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China’s International Panda Conservation Efforts Thrive with 19 Countries, 63 Pandas Abroad

ChinaChina's International Panda Conservation Efforts Thrive with 19 Countries, 63 Pandas Abroad

China, in a global endeavor to conserve and study giant pandas, has formed partnerships with 19 countries, resulting in 63 pandas now residing abroad. The National Forestry and Grassland Administration’s latest report underscores the remarkable well-being of these overseas pandas, underscoring the accomplishments in international panda conservation.

As of the present, China is in collaboration with 23 foreign institutions from various countries including Japan, Austria, Spain, the UK, France, Singapore, Germany, Russia, and Qatar in the sphere of panda conservation and research. Evaluations conducted on-site have revealed that these foreign institutions consistently meet the stringent requirements for panda enclosure construction, feeding and care, and disease prevention and control measures, according to China’s National Forestry and Grassland Administration, as reported by China Central Television (CCTV).

Giant pandas are a unique and rare species indigenous to China, and since the 1990s, China has been actively engaged in collaborative panda conservation and research initiatives with countries and regions worldwide. These collaborative efforts primarily concentrate on panda breeding, disease research, and public education.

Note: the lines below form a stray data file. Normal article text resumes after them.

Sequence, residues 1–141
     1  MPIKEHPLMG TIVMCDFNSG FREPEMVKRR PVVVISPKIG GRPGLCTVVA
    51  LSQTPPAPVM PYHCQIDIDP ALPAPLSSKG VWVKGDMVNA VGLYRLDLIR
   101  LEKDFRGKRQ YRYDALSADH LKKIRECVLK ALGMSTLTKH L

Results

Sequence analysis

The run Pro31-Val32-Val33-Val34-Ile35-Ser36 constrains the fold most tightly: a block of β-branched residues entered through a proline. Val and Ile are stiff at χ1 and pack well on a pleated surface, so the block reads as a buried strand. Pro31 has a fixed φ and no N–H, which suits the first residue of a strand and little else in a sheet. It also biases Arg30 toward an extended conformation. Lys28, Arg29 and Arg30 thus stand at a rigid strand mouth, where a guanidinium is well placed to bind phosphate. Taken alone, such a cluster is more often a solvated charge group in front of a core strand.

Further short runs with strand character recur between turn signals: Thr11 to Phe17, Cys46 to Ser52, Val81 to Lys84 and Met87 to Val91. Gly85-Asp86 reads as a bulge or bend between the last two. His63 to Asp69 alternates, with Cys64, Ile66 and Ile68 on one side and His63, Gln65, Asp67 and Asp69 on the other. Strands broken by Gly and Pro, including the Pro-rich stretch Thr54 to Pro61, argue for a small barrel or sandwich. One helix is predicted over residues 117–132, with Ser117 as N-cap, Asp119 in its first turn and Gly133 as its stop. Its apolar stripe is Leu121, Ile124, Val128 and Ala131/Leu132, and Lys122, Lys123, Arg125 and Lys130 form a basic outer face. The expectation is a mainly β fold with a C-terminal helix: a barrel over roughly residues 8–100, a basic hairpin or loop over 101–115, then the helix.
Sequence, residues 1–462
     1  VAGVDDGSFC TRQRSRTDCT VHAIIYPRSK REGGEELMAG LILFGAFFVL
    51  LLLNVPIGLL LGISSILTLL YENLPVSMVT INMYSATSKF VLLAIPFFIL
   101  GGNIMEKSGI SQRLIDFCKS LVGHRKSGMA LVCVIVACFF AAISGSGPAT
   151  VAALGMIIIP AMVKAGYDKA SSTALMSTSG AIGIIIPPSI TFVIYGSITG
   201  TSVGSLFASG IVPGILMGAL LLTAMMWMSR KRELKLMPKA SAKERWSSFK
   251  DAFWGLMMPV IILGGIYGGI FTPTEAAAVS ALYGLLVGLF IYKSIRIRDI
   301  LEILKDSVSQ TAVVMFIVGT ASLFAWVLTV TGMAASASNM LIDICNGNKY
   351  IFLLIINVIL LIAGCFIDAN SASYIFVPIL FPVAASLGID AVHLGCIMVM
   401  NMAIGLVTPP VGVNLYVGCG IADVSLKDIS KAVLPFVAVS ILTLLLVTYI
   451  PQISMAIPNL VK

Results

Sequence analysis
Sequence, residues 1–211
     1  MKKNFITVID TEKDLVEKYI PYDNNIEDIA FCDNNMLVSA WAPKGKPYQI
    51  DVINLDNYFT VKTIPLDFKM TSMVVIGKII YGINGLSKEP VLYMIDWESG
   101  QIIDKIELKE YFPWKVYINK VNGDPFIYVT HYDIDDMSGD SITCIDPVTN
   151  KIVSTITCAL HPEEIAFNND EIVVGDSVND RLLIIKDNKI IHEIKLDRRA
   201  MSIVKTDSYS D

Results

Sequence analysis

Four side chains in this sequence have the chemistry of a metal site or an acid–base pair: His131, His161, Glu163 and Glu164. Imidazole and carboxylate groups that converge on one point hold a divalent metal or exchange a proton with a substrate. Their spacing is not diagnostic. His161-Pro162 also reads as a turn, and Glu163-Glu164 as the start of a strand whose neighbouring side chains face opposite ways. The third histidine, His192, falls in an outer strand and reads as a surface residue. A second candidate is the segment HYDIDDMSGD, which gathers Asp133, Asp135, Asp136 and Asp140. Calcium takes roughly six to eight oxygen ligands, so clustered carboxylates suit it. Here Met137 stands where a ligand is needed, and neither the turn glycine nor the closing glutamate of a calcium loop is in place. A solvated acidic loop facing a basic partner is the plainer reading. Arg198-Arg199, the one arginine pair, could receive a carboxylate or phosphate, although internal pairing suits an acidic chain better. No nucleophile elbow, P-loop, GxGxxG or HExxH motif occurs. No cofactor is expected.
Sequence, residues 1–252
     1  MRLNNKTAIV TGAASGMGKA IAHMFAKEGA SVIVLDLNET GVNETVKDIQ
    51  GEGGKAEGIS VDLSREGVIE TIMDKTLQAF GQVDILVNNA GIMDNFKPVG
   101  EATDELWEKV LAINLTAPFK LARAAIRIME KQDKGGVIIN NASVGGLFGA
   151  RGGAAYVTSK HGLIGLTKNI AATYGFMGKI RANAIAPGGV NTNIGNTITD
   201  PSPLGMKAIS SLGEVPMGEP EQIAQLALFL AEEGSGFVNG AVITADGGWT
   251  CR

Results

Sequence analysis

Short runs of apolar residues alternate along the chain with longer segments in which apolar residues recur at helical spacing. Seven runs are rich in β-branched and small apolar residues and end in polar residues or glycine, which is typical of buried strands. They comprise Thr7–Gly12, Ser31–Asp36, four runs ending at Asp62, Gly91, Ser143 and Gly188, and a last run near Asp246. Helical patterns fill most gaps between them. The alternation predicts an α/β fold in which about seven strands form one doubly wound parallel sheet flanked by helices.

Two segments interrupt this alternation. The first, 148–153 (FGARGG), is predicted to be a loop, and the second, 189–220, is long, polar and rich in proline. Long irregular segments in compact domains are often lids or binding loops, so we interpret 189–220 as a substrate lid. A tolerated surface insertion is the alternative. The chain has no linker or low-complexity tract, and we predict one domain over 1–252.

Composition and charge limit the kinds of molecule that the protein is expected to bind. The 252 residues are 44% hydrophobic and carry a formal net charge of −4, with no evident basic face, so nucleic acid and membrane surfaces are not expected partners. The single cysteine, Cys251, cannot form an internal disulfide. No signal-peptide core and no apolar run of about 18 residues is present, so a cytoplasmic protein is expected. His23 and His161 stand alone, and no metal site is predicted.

Participating countries have not only constructed top-tier facilities for breeding and exhibition but have also established elite teams for feeding, medical care, and scientific research. They actively partake in conservation and scientific exchanges with China and are highly regarded in their respective countries, as reported by CCTV.

International cooperation in panda conservation has played a pivotal role in advancing species preservation and promoting friendly relations between China and other countries and regions. Many pandas residing in foreign countries have become beloved figures among the local populace to such an extent that bidding farewell to these pandas upon their return to China has become a common occurrence.

In a notable incident in February, the homecoming of giant panda Xiang Xiang caused a stir in Japan. Hundreds of Japanese fans, some in tears, waved goodbye to the hugely popular Xiang Xiang as she left for her home country on a charter flight over Narita International Airport. Her return was initially slated for the end of December 2020 but was repeatedly postponed due to her immense popularity in Japan and the COVID-19 pandemic.

In the United States, giant panda enthusiasts bid adieu to Mei Xiang, Tian Tian, and their three-year-old son Xiao Qi Ji, scheduled to return to China by December 7. The Smithsonian’s National Zoo in Washington, D.C., dedicated a nine-day event to allowing thousands of devoted fans to see these cherished “diplomats” one last time earlier this month. The giant panda has become an emblem of Washington, alongside the White House and the Capitol, following the zoo’s housing of eight giant pandas since 1972.

Back in March, the Chinese public expressed concerns about giant panda Ya Ya’s condition in the United States. This concern evolved into a spontaneous global “campaign” by Chinese people to check on the well-being of pandas in overseas zoos. Ya Ya safely returned to China in April, showing visible signs of improved health in the following months.

In a significant development, September saw the establishment of the first-ever giant panda college under China West Normal University (CWNU) in Southwest China’s Sichuan Province. The college’s primary aim is to cultivate advanced professionals in the conservation of rare animals and plants.

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